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Sophie loved Edmund, but he left town when her parents forced her to marry wealthy Octavius. Years later, Edmund returns with his son, William. Sophie's daughter, Marguerite, and William fall in love. Marguerite's sister, Marianne, also loves William. Timothy, a lowly carpenter, secretly loves Marianne. He kills a man in a fight, and Edmund helps him flee to New Zealand. William deserts inadvertently from the navy, and also flees in disgrace to New Zealand, where he and Timothy start a profitable business. One night, drunk, William writes Octavius, demanding his daughter's hand; but, being drunk, he errs. Written by
James Barrett <firstname.lastname@example.org>
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[Discussing William's love for Marguerite]
But when you wrote to my father you lied. You asked for my hand in marriage.
I didn't lie. Listen to me, Marianne. I love you.
Listen to more lies! You never loved me! You loved *her*. But you sent for me. Why?
It wasn't a lie. It was o...
Why did you send for me?
I'll tell you, Marianne. Now I must tell you. I never wanted you to know. I never thought you would ever find out. But now...
What did you never want me to find out?
That I accidentally wrote ...
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Lana Turner as Marianne marries her sister Marguerite's beau in "Green Dolphin Street," an MGM extravaganza (but in black and white) that probably was meant to equal Gone With the Wind. The story concerns a family, the Patourels, living on the Channel Islands. Their mother (Gladys Cooper) was forbidden to marry the love of her life (Frank Morgan) and instead married Octavius (Edmund Gwenn) and has two daughters. Morgan returns to the area with a son, William (Richard Hart) and both of the girls go after him, though he falls in love with Marguerite (Donna Reed). Eventually he ends up in New Zealand and, in a drunken stupor, writes to Octavius for his daughter's hand in marriage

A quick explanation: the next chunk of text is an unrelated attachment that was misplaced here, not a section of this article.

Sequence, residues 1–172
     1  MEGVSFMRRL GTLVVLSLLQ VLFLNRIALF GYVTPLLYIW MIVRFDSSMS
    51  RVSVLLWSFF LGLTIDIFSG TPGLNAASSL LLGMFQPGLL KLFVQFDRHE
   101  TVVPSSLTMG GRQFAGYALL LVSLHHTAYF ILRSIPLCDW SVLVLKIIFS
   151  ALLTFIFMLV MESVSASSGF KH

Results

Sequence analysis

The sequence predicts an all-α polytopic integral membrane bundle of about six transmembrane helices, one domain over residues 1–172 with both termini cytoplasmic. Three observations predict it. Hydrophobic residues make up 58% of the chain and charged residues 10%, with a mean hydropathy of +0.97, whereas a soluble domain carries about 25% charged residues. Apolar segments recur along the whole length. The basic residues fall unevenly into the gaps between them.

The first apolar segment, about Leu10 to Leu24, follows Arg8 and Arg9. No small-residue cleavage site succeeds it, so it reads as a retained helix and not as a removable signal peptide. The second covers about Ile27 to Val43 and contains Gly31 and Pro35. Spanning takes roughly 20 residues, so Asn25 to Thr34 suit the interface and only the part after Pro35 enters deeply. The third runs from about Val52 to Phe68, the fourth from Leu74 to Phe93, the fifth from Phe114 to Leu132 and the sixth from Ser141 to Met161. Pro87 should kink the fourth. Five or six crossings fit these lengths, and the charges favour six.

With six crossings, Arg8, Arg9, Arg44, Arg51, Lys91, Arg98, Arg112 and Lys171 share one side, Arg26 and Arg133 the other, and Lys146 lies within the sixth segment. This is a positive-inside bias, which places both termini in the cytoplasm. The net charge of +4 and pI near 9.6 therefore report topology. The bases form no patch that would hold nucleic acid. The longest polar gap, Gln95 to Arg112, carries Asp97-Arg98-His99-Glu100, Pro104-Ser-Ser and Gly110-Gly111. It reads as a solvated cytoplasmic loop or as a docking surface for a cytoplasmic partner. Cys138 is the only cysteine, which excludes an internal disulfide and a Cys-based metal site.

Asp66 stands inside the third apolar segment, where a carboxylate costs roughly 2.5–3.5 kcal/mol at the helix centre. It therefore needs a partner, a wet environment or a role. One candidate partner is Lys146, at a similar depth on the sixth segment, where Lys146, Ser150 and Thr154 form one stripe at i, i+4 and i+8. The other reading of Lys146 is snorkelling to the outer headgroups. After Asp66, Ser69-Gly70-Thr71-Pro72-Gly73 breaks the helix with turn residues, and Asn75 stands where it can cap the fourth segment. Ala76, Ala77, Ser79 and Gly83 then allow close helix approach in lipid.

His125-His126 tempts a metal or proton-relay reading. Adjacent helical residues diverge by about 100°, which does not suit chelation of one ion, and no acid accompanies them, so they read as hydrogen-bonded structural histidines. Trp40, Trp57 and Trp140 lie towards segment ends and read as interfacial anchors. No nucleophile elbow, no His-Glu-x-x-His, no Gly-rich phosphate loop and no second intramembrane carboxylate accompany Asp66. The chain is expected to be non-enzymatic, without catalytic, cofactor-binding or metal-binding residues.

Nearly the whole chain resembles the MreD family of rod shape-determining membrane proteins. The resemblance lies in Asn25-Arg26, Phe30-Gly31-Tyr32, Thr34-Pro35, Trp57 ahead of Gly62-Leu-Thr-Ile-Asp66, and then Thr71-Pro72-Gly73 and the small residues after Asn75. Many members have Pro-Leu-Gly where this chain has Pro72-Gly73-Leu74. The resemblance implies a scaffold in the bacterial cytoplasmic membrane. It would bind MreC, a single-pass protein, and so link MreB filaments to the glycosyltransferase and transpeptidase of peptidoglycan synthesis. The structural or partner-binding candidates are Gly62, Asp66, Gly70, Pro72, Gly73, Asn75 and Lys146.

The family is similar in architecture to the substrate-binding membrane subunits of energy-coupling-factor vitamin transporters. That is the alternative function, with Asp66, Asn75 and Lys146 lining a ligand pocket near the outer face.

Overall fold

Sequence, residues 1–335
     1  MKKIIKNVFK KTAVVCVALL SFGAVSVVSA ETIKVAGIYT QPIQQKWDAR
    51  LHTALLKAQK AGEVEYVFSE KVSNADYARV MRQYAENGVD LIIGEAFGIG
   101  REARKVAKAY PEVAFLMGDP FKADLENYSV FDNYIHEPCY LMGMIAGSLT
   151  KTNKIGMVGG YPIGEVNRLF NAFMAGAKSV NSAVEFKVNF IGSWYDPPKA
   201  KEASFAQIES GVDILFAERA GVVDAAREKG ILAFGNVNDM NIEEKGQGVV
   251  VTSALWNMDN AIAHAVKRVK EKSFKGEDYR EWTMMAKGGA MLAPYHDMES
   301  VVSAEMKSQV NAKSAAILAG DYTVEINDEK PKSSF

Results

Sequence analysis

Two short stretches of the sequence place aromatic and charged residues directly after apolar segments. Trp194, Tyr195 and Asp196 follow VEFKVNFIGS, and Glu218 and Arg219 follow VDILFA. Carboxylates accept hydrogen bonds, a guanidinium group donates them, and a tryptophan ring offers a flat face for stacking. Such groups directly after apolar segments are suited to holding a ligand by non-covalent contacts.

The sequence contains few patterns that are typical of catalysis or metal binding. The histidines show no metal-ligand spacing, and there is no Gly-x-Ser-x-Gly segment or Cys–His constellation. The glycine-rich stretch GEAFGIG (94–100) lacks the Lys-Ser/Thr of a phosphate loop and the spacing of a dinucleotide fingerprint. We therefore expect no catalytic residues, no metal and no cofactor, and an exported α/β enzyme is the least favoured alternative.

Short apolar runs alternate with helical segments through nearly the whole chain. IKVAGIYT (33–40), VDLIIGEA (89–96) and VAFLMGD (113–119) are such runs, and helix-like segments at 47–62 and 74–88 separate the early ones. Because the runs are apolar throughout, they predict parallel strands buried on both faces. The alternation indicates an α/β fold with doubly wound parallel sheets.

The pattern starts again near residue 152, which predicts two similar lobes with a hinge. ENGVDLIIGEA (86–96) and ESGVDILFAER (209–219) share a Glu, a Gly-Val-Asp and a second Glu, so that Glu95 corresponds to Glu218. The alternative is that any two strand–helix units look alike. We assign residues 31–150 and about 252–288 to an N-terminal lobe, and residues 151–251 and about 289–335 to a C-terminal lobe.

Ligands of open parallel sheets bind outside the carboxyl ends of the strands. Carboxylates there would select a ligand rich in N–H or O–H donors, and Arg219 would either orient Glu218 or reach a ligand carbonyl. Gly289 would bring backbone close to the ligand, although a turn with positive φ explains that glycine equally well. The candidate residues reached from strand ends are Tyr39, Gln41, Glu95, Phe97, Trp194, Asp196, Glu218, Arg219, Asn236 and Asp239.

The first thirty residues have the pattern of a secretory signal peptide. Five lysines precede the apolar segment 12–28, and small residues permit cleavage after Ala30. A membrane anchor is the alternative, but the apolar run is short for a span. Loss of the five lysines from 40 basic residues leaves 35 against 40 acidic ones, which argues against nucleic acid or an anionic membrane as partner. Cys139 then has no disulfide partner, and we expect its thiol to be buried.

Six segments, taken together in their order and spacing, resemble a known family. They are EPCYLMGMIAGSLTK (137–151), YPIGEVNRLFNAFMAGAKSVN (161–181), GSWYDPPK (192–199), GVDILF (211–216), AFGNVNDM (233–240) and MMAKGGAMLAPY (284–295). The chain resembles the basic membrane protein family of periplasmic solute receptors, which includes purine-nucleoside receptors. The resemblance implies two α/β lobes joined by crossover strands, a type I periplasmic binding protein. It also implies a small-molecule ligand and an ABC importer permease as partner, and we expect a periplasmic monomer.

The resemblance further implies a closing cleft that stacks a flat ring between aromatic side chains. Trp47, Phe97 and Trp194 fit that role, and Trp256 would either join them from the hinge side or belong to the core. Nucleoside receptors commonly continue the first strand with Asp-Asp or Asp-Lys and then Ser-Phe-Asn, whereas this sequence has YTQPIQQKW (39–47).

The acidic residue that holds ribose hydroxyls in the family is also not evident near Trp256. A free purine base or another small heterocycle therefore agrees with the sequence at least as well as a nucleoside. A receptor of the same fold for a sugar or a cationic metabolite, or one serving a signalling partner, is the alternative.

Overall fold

except he writes the name Marianne, not Marguerite, thereby changing
his life and the lives of the sisters forever.
The film is a bit long but holds the viewer once it gets going. Its main problem when it's seen today is the painted backdrops and fake scenery, all extremely obvious. When one compares the backdrops and scenery of the earlier Gone with the Wind to this, it's obvious that Selznick demanded a lot more care from his artists than did the powers that be on this film.
There are several striking scenes, but the best is Donna Reed climbing a tunnel inside of a cave to escape the rising tide. The earthquake scenes and the Maori attacks are also excellent and exciting.
The role of Marianne is huge and well essayed by Lana Turner. Marianne is a smart, controlling woman whose guidance turns William into a success. Apparently the character in the book was somewhat plain; obviously, Turner isn't, so she brings a femininity and beauty to the part as well as a strong core. Of course, when she's supposed to be pregnant, she's wearing a dress tightly cinched at the waist. It was considered indecent to show pregnancy back then, but it's ridiculous. As Marguerite, Donna Reed manages to bring some color into what is a somewhat thankless role. Van Heflin, as a friend and eventual partner of William, gives a wonderful performance as a tough but kind and tender man who makes William do the right thing by Marianne. Gladys Cooper does her usual fine job as Mrs. Patourel, and her final scene is beautiful. There were several very touching parts of the movie, and that was one of them. Newcomer Richard Hart, who died four years later, is William and looks good once he grows his mustache. The role, however, could have used a more exciting performance. Hart was from the theater and actually performed many of the classics on television in its early days.
On an interesting side note, Linda Christian plays Turner's Maori maid. Turner at that time was seeing Tyrone Power. The story goes that Christian overheard Turner say that Power was going to be in Rome. Christian wangled the money for her and her sister, went to Rome, and stayed in the same hotel as Power. He never returned to Turner and the next year married Christian.
Apropos of this, "Green Dolphin Street" asks age-old questions - are there mistakes in life, or a guiding hand? Did William really write the name of the wrong sister, or was that as it was meant to be? We all have to decide for ourselves. I'm not sure "Green Dolphin Street" will help one do that, but it's entertaining nonetheless.
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